Intended for healthcare professionals


Krystyna Walton: trauma rehabilitation specialist

BMJ 2018; 363 doi: (Published 23 October 2018) Cite this as: BMJ 2018;363:k3420
  1. Kathy Oxtoby
  1. London, UK

Krystyna Walton started her clinical career in rheumatology before moving into neurorehabilitation and leading on major trauma rehabilitation.

Choosing medicine

I was 15 when I decided on a career in medicine. My chemistry teacher thought it would be a good choice because I was good at sciences. Until then I hadn’t even considered going to university—my parents were refugees from Poland and Belarus, they were working class, not particularly well educated, and could read but couldn’t write in English.

Dealing with difficulty

I became interested in rheumatology as a student. I chose it as my elective because at that time it wasn’t covered in any detail in the curriculum and I wanted to know about how patients coped with disabilities and long term conditions. It was the complexity of the specialty that appealed to me. Every patient and their family deals with disabilities differently, so every situation is unique.

Developing specialty

In 1988, I became a consultant in neurorehabilitation at what was formerly the Rochdale Healthcare NHS Trust, which then became the Pennine Acute Hospitals NHS Trust (now part of the new Northern Care Alliance NHS Group). The specialty was in the process of development, and the challenge of developing something new attracted me.


That year I set up a neurorehabilitation unit in Rochdale, one of the few of its kind in the country. I found neurorehabilitation more rewarding than rheumatology and thought that I could be of more benefit to patients with brain injuries, or progressive neurological conditions, because there was a need for advocacy to ensure that they got the right services for them.


Neurorehabilitation needs you to form relationships with colleagues in other specialties in and outside medicine, including joint working with social services and community services. It’s very varied, every day is different, and you feel you can make a difference to people’s lives.

Managing trauma

Over time I’ve become more involved in developing and managing services, such as leading on rehabilitation following major trauma for Greater Manchester since 2012. A year later I became director of Greater Manchester major trauma rehabilitation, which involves developing non-specialist rehabilitation for people who have sustained significant injuries.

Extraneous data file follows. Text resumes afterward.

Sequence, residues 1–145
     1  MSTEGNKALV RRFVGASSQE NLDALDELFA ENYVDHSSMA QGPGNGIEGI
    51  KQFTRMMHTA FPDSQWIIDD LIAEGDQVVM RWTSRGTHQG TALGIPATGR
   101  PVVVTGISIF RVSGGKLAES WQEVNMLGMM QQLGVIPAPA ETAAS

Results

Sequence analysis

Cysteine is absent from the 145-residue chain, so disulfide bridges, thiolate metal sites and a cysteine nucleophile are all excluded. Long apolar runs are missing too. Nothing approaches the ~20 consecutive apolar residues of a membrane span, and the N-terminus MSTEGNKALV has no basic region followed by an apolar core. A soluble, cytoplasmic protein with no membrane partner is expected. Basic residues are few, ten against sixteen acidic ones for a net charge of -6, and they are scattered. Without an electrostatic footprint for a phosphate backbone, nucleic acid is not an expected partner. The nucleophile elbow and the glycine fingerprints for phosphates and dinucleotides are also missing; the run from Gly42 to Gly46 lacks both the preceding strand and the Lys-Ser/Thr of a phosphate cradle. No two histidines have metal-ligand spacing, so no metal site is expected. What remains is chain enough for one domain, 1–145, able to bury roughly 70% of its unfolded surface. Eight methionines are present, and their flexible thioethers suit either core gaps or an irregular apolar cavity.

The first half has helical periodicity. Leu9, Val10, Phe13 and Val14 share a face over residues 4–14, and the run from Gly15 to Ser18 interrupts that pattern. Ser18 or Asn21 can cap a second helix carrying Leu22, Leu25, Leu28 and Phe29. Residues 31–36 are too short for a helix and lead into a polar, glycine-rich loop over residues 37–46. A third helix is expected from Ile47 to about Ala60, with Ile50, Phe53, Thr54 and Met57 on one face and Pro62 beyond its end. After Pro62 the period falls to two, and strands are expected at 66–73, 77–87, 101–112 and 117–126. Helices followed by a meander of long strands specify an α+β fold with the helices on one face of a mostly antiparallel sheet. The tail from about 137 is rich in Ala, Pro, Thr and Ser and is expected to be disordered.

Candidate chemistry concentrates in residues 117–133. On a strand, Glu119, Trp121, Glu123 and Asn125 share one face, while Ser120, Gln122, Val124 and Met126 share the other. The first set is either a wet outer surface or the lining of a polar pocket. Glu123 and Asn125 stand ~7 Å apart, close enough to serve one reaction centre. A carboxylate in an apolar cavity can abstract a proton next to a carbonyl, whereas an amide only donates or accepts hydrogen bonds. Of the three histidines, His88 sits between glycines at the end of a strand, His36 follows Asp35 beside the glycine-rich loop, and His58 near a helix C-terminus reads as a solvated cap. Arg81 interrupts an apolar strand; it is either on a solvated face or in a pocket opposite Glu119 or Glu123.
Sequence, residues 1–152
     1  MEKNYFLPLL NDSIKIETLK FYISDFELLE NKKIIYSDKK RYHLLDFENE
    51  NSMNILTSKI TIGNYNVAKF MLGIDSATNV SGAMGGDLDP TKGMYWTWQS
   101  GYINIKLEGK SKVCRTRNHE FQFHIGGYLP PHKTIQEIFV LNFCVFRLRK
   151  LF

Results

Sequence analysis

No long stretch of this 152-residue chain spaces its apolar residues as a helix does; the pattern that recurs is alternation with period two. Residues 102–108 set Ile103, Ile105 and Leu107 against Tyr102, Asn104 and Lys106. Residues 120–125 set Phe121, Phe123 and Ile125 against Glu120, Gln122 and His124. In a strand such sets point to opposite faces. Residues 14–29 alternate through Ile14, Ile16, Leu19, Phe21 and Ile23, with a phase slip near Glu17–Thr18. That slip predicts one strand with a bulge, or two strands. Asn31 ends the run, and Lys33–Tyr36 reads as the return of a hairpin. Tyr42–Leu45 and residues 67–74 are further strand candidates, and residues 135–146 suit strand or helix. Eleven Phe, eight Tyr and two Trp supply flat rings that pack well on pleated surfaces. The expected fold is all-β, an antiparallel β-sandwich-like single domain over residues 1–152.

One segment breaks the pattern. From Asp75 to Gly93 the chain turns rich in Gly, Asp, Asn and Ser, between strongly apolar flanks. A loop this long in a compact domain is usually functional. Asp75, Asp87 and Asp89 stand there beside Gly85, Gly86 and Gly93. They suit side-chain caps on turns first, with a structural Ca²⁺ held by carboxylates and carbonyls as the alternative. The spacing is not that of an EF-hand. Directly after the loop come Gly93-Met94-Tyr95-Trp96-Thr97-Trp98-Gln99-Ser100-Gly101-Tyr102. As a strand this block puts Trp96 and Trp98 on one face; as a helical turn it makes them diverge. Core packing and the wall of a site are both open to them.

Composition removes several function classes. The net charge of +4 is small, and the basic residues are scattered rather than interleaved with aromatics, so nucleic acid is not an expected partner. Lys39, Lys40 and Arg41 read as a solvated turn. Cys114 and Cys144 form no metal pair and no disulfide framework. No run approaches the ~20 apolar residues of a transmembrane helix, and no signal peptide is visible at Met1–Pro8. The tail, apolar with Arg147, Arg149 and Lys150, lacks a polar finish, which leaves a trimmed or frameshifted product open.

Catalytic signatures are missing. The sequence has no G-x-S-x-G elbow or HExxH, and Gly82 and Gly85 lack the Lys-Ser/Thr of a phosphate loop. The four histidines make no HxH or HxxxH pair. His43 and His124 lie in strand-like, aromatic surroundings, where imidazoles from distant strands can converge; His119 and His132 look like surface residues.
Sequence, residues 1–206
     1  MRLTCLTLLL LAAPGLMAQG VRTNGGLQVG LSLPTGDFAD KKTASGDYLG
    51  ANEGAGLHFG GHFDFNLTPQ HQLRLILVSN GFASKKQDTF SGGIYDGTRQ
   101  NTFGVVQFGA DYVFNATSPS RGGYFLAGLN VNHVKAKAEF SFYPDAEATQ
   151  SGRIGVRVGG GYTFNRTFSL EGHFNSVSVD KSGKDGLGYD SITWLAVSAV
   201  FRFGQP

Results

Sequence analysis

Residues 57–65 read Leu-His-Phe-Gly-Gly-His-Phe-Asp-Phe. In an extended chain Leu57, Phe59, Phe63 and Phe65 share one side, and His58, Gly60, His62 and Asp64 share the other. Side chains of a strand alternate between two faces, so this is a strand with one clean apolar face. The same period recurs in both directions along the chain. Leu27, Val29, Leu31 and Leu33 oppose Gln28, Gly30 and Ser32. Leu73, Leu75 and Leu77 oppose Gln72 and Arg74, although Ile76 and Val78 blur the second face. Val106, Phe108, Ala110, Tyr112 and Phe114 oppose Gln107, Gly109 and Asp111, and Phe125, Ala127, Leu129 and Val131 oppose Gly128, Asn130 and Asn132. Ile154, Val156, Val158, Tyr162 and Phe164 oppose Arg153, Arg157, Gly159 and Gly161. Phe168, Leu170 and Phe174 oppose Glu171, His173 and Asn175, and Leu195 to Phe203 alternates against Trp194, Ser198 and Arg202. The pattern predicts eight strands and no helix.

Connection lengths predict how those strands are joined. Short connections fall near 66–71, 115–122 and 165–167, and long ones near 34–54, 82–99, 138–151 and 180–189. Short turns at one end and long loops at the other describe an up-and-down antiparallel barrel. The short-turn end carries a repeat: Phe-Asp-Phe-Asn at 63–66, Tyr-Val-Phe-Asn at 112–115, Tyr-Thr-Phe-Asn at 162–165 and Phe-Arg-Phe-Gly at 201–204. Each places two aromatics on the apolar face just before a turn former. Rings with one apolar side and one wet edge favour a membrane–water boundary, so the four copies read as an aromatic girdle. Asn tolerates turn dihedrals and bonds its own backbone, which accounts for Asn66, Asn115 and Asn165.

Sharing knowledge

I was the first chair of the specialty training committee in rehabilitation medicine in the North Western Deanery. We started with two trainees but by the time I finished my two year post as training programme director in 2016 we had nine training slots. I have great enthusiasm for the specialty and like to share its complexity with young doctors who have been attracted to rehabilitation medicine. Teaching also makes you think more widely so you don’t become stale.

Career highlight

Until 1998 I had no aspirations beyond managing a rehabilitation unit in a district general hospital. Then Raymond Tallis, who was leading on reconfiguration of Greater Manchester neurosciences services, asked me to help develop the first model in Greater Manchester that integrated neurorehabilitation with neurosciences—a project that changed the path of my career.

National committees

I’m on several committees, including the NHS England clinical reference groups for rehabilitation and disability, and for major trauma and burns. Over the years I’ve been on a number of British Society of Rehabilitation Medicine committees but I never expected to be president, especially as I’m not an academic, and I feel so honoured that its membership elected me.

Career timeline

  1. President, British Society of Rehabilitation Medicine

  2. 2017 to present Clinical lead for neurorehabilitation transformation, Greater Manchester

  3. 2015 to present Director, Greater Manchester Major Trauma Rehabilitation, Greater Manchester Major Trauma Network

  4. 2015-2018 Chair, Royal College of Physicians Joint Specialty Committee for Rehabilitation Medicine

  5. 2012 to present British Society of Rehabilitation Medicine committees

  6. 2012-2015 Clinical lead for major trauma at Salford Royal Hospital, and Greater Manchester lead for rehabilitation following major trauma

  7. 2001 to present Clinical lead for neurorehabilitation, Salford Royal Hospital

  8. 2001 to present Hyper-Acute Neurorehabilitation Unit, Greater Manchester Neurosciences Centre, Salford Royal Hospital

  9. 1996 to present Consultant in neurorehabilitation and medical director for adult neurorehabilitation services, Priory Highbank Centre, Bury

  10. 1988 to present Consultant in rehabilitation medicine, Rochdale and Salford

  11. 1988-2008 Floyd Unit for Neurological Rehabilitation, Pennine Acute Hospitals NHS Trust

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